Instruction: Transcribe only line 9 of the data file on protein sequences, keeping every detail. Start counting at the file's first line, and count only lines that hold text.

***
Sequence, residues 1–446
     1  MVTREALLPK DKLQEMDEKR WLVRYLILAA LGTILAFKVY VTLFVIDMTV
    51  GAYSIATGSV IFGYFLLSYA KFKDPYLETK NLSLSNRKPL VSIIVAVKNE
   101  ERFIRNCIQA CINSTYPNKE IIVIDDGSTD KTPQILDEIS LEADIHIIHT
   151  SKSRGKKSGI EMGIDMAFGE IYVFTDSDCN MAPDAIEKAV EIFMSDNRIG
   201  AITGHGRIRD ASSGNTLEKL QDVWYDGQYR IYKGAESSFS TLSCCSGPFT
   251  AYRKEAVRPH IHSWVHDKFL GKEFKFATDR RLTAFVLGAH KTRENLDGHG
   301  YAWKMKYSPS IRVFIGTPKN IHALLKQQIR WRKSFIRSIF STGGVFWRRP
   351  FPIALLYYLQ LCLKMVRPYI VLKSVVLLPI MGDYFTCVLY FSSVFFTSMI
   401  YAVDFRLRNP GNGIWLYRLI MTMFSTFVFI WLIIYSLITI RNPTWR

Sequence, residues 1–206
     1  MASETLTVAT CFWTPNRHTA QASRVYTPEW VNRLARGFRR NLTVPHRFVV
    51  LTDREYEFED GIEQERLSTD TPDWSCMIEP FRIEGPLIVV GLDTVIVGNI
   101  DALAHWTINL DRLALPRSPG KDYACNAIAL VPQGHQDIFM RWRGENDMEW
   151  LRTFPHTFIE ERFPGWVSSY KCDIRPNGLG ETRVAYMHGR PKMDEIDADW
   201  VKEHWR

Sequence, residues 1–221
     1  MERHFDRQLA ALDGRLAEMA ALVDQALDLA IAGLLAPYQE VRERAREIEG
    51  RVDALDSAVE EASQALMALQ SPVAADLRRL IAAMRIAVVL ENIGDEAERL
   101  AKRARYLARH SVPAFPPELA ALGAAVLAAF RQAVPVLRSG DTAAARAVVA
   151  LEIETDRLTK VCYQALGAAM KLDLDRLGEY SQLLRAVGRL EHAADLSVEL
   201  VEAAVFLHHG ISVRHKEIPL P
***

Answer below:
   351  FPIALLYYLQ LCLKMVRPYI VLKSVVLLPI MGDYFTCVLY FSSVFFTSMI